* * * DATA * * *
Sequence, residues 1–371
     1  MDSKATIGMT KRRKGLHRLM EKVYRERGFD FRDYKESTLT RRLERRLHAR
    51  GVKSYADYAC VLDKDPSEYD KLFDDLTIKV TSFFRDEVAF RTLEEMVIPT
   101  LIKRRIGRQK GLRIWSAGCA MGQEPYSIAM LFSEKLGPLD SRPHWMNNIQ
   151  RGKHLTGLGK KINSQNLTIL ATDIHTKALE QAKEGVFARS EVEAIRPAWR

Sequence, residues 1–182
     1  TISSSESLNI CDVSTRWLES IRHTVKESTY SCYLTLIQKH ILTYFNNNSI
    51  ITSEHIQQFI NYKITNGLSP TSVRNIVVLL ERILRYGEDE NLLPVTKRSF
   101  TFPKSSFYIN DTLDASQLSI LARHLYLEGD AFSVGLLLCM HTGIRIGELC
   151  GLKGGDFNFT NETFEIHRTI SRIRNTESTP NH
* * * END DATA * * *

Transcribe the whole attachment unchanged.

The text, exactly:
Sequence, residues 1–371
     1  MDSKATIGMT KRRKGLHRLM EKVYRERGFD FRDYKESTLT RRLERRLHAR
    51  GVKSYADYAC VLDKDPSEYD KLFDDLTIKV TSFFRDEVAF RTLEEMVIPT
   101  LIKRRIGRQK GLRIWSAGCA MGQEPYSIAM LFSEKLGPLD SRPHWMNNIQ
   151  RGKHLTGLGK KINSQNLTIL ATDIHTKALE QAKEGVFARS EVEAIRPAWR

Sequence, residues 1–182
     1  TISSSESLNI CDVSTRWLES IRHTVKESTY SCYLTLIQKH ILTYFNNNSI
    51  ITSEHIQQFI NYKITNGLSP TSVRNIVVLL ERILRYGEDE NLLPVTKRSF
   101  TFPKSSFYIN DTLDASQLSI LARHLYLEGD AFSVGLLLCM HTGIRIGELC
   151  GLKGGDFNFT NETFEIHRTI SRIRNTESTP NH